Friday, October 9, 2015

The skills of chi kung and quick fix healing

A few years ago, I broke a metatarsal in my right foot and needed a cast. Like everybody else, after treatment, in the healing process, I had to pay visits to the hospital's physiotherapy department. The physiotherapists there coach patients individual healing exercises. These exercises looked like quick fixes that one can find in healing books.

Knowing that I am a chi kung practitioner and amateurishly teaching the stuff, the physiotherapist smiled, "That will make my task a lot easier!". He told me that those patients who were proficient in chi kung could easily focus on individual muscles/tendons while doing the healing exercises. The healing effect would be more effective and speedier, and without the need of constant supervision by the therapist. He was absolutely right. This however brings up another question: "How about those who do no prior training in chi kung?" The answer is obvious. The healing effect will be less effective in the end and such less perfect results will take a longer time!

I had back pain when I was in my twenties. At that time, I had not been spending much time in my practice (to the disappointment of my father and sifu), every couple of months I had to visit a medical doctor and took pain killers when my inflammation surfaced - and they did come quite regularly! Too busy with other things in my life, I took this as acceptable.  Sometimes I would also read a page in a book or magazine, and would do quick fix healing exercises trying to ease my back pain. Without supervision, they never worked as promised. Giving up was the norm rather than exception, until the next quick fix advice came promising good results. And now I know why!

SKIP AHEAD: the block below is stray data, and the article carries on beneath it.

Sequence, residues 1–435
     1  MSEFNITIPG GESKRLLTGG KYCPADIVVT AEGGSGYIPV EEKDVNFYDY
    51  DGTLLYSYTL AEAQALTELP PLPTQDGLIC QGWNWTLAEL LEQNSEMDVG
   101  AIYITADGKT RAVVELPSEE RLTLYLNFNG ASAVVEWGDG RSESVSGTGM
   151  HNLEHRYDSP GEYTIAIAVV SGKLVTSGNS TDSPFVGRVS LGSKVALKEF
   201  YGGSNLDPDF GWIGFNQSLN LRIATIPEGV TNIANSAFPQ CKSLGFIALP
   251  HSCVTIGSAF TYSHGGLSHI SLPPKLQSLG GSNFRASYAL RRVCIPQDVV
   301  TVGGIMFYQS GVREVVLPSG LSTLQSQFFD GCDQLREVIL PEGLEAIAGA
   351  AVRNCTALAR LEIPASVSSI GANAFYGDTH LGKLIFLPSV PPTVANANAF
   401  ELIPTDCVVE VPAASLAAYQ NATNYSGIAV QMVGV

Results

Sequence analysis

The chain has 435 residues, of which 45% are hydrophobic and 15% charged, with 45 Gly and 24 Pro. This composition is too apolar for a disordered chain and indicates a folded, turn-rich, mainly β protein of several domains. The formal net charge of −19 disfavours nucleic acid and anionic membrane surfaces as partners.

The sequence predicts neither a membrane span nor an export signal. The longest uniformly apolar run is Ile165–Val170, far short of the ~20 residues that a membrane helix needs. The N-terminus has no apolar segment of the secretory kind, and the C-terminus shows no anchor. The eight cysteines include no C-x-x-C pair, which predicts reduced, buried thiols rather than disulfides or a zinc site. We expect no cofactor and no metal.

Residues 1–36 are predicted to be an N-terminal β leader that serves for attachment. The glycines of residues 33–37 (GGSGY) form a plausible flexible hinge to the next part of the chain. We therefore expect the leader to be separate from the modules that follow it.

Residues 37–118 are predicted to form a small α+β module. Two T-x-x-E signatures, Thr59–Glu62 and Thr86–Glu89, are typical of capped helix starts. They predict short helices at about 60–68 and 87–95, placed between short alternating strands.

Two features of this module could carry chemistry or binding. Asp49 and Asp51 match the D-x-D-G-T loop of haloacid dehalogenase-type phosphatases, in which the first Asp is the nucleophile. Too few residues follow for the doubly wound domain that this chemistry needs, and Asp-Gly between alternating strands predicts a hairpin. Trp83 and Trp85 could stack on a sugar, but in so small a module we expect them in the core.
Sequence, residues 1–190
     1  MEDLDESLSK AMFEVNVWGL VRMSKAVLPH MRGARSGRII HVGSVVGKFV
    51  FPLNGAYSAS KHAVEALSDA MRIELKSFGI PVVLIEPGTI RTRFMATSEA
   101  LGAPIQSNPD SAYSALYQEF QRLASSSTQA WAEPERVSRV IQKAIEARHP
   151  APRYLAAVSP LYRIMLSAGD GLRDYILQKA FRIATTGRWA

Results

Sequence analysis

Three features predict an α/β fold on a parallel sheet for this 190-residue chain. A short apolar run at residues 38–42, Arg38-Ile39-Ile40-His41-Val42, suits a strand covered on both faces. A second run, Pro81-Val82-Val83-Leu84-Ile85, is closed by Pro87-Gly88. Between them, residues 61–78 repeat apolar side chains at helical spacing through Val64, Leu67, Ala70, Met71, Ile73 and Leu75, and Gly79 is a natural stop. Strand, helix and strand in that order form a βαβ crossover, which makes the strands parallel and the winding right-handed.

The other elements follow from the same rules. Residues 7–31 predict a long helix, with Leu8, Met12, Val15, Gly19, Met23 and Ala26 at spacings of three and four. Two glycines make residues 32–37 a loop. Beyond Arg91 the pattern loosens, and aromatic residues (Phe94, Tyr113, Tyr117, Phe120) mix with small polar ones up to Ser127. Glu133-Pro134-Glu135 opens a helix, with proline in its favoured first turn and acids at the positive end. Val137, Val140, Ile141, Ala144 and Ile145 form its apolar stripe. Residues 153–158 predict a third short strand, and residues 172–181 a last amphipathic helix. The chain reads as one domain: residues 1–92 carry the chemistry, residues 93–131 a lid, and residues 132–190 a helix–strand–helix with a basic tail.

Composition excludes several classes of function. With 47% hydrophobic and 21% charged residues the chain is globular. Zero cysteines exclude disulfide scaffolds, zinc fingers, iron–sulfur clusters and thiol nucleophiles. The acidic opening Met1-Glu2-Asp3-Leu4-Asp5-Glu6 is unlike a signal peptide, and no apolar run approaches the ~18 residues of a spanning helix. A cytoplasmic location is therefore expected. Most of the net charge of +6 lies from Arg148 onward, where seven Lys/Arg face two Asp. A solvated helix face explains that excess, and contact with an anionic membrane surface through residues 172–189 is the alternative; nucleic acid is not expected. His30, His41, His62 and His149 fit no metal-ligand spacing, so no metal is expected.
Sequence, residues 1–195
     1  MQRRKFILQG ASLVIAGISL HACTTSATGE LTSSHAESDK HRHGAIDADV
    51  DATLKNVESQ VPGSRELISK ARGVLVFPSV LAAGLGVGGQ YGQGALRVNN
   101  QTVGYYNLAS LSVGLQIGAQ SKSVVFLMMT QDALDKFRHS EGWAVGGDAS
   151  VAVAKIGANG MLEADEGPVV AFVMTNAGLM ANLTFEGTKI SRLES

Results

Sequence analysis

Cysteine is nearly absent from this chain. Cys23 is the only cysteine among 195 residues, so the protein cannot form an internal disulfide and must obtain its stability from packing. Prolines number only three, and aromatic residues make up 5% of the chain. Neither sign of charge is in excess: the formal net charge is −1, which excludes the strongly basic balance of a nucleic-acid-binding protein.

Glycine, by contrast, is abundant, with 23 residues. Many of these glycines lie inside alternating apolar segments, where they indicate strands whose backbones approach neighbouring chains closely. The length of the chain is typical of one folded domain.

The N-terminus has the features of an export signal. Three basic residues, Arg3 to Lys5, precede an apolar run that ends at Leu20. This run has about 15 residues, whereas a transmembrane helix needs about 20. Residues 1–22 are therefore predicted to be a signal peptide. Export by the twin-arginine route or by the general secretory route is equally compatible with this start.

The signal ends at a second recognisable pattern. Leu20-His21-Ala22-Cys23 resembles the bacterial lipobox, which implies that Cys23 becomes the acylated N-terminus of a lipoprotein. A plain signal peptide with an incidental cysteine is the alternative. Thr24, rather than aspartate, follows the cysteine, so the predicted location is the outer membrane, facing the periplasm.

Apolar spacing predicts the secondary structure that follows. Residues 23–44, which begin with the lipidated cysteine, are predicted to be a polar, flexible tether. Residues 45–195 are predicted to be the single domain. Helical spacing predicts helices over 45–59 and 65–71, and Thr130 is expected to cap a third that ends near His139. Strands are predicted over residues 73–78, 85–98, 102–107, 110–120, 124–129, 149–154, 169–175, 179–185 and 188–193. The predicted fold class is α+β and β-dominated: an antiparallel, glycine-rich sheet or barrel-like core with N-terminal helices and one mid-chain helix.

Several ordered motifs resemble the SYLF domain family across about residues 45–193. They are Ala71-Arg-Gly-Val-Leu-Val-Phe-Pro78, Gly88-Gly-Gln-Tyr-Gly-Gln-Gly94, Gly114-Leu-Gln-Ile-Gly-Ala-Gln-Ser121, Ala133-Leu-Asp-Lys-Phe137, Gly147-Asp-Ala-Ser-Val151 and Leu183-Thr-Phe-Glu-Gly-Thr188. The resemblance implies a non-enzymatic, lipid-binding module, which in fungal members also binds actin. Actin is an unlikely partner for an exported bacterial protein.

Despite the fact that I am still busy with other things in my life (well these are important things), I have been doing regular chi kung, tai chi and meditation for the past decades. And I also coach some private students, some regular others some irregular, depending on my schedule and other commitments. Learned from my own experience, I always tell my students that they are NOT learning some quick fix techniques from me. They are learning a SKILL that can be applied to all kinds of healing methods, quick fix or not quick fix (the not quick-fix will include other mind-body practices like yoga or internal martial arts). I like to call my teaching "zhan zhuang chi kung" because it centre around the practice zhan zhuang - the most powerful and effective exercise to learn the skills of chi kung.

My advice to practitioners of chi kung and other internal arts - the most important thing is to cultivate the skills of chi kung. Such skill include the ability to generate a massive amount of chi, shoulder and hip joints opening, breathing muscles conditioning and heightened internal sensation to do chi balancing. These skills apply to seated meditation too.


  1. When you mention Chi balancing, are you saying we should develop Chi equally amongst the different sides of the body?

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  3. Yes. But do note that in practice session one has to do joint opening (which tries to create massive localized chi) and chi balancing (which tries to equalize chi) in different phases or time zones.


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